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Who Was Walter Scott?

Walter Scott, the man whose fatal shooting by a police officer shocked America, was a father of four remembered as kind, outgoing, and passionate.
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/ Source: NBC News

Walter Scott, the man whose fatal shooting by a police officer in South Carolina shocked America, was a father of four who was remembered as kind, outgoing, and passionate about sports and music by friends and family.

Scott, 50, was killed on Saturday by police officer Michael Slager after a traffic stop in North Charleston, South Carolina. Bystander Feidin Santana captured the last moments of Scott's life in footage that has reignited the debate over the use of police force.

Scott's parents told TODAY on Wednesday they thought Scott fled from Slager because of the child support he owed.

"I believe he didn't want to go to jail again. He just ran away," Walter Scott Sr. said.

Scott did owe back child support — and some have speculated that's why he ran — but he also had minor traffic infractions on his record. South Carolina's Post and Courier reported that Scott had been arrested about 10 times, mostly for failure to appear for court hearings and child support. The paper also said his first arrest was in 1987 for assault and battery, but that could not immediately be confirmed by NBC News.

Walter Scott Shooting: What We Know About Officer Michael Slager

On Tuesday night, during a press conference, one of Scott's two brothers, Anthony, painted a kind portrait of him as a loving guy who had spent two years in the Coast Guard and was a passionate Dallas Cowboys fan.

"He was the most outgoing out of all of us," he said. "He was well known in the community."

Friends remembered Scott as a funny and nice person. Michelle Murray, who went to school with Scott, remembered him as a popular kid who was diligent in his studies.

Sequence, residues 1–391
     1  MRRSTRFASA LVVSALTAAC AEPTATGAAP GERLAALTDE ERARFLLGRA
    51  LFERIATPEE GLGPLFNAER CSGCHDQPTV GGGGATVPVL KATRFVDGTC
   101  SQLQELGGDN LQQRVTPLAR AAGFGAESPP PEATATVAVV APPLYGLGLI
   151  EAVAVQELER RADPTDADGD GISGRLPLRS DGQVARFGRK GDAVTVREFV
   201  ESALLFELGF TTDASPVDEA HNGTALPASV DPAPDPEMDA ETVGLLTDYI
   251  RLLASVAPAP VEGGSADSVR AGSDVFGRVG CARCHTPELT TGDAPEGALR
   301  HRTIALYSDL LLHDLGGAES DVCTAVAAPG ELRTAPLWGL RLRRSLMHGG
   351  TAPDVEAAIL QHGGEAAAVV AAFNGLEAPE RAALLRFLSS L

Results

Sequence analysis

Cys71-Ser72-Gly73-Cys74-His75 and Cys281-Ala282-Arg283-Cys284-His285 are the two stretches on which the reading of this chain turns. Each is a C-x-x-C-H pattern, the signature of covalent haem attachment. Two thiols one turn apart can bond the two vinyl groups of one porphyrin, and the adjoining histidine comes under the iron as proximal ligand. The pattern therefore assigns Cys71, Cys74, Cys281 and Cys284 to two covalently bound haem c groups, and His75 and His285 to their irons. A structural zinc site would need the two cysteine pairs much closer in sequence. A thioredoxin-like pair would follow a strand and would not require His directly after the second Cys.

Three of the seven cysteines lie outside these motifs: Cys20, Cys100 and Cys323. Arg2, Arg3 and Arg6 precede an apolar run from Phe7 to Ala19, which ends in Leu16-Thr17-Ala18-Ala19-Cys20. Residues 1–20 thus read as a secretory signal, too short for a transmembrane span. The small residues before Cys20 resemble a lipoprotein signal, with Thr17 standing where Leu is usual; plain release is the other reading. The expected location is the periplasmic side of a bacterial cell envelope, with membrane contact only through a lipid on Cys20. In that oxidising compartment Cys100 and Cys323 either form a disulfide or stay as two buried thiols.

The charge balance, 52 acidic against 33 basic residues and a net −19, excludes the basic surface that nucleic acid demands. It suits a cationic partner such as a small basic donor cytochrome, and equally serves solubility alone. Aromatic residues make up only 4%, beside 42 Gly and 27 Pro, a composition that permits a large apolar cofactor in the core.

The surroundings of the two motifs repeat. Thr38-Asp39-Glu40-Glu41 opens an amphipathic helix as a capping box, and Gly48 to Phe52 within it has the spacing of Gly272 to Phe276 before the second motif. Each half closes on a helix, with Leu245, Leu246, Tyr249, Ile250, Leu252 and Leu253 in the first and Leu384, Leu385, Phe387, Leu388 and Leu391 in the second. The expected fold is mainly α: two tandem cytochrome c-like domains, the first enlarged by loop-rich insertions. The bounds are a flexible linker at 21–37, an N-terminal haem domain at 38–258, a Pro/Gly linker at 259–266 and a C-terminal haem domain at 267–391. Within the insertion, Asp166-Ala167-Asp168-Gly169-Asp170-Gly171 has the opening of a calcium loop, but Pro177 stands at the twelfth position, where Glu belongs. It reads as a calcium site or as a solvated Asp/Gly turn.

Image: Walter Scott in his middle school yearbook of 1979/80
Walter Scott appears on the bottom row in his middle school yearbook in 1979-1980.Courtesy Chris Watts

"He was always humorous. He always came to school. He was a person that you would want to get to know. He just was just a really great all around; everybody loved him," she told NBC News.

Murray said she was deeply disturbed by the video of Scott's death.

"The video was awful and that should have never happened," she said. "He was done wrong that way. That grief never goes away."

Chris Watts, another fellow classmate who attended C.E. Williams Middle School and St. Andrews Parish High School in Charleston with Scott, had just reconnected with his old friend on Facebook last week. The two exchanged messages about playing music, and Scott told Watts he was considering getting a guitar "to keep the mind sharp."

"What a nice guy," Watts said. "I am happy that we connected that day."

Another friend, David Campbell III, played football for three years with Scott at St. Andrews and described him as a "very happy guy who got along with everyone. Never caused any problems."

Those feelings were also echoed by another former classmate, Demett Jenkins, who described Scott as "friendly, soft-spoken, all-around kind, never bothered anybody, everybody just thought he was a great person." Jenkins said she hadn't seen Scott in person since 2011, but they kept in touch via Facebook.

"To see this happen to him is shocking," she said, adding: "I hope that Walter’s death is not in vain. I hope that it’s a platform for viewing the police in the way they function and operate and holding them accountable for their actions."